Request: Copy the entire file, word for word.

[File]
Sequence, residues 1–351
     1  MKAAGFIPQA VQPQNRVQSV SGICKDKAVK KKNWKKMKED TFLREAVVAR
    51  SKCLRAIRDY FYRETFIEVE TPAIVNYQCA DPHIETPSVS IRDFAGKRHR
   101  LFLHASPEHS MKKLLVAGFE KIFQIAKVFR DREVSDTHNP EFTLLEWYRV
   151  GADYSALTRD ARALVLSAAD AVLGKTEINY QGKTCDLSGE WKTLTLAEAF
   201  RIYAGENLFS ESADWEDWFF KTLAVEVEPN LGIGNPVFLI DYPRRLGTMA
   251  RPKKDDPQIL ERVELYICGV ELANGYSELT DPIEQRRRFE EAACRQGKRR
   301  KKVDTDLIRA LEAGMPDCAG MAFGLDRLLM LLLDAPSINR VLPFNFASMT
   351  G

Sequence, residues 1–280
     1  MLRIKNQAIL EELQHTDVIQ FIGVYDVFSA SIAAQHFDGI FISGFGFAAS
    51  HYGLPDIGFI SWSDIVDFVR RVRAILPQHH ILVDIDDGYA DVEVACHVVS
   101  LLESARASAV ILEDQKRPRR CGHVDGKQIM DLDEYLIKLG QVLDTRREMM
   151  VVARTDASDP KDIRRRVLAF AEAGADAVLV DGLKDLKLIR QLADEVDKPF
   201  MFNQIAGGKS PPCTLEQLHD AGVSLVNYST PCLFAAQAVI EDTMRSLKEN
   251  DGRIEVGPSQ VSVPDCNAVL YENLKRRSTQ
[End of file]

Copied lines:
Sequence, residues 1–351
     1  MKAAGFIPQA VQPQNRVQSV SGICKDKAVK KKNWKKMKED TFLREAVVAR
    51  SKCLRAIRDY FYRETFIEVE TPAIVNYQCA DPHIETPSVS IRDFAGKRHR
   101  LFLHASPEHS MKKLLVAGFE KIFQIAKVFR DREVSDTHNP EFTLLEWYRV
   151  GADYSALTRD ARALVLSAAD AVLGKTEINY QGKTCDLSGE WKTLTLAEAF
   201  RIYAGENLFS ESADWEDWFF KTLAVEVEPN LGIGNPVFLI DYPRRLGTMA
   251  RPKKDDPQIL ERVELYICGV ELANGYSELT DPIEQRRRFE EAACRQGKRR
   301  KKVDTDLIRA LEAGMPDCAG MAFGLDRLLM LLLDAPSINR VLPFNFASMT
   351  G

Sequence, residues 1–280
     1  MLRIKNQAIL EELQHTDVIQ FIGVYDVFSA SIAAQHFDGI FISGFGFAAS
    51  HYGLPDIGFI SWSDIVDFVR RVRAILPQHH ILVDIDDGYA DVEVACHVVS
   101  LLESARASAV ILEDQKRPRR CGHVDGKQIM DLDEYLIKLG QVLDTRREMM
   151  VVARTDASDP KDIRRRVLAF AEAGADAVLV DGLKDLKLIR QLADEVDKPF
   201  MFNQIAGGKS PPCTLEQLHD AGVSLVNYST PCLFAAQAVI EDTMRSLKEN
   251  DGRIEVGPSQ VSVPDCNAVL YENLKRRSTQ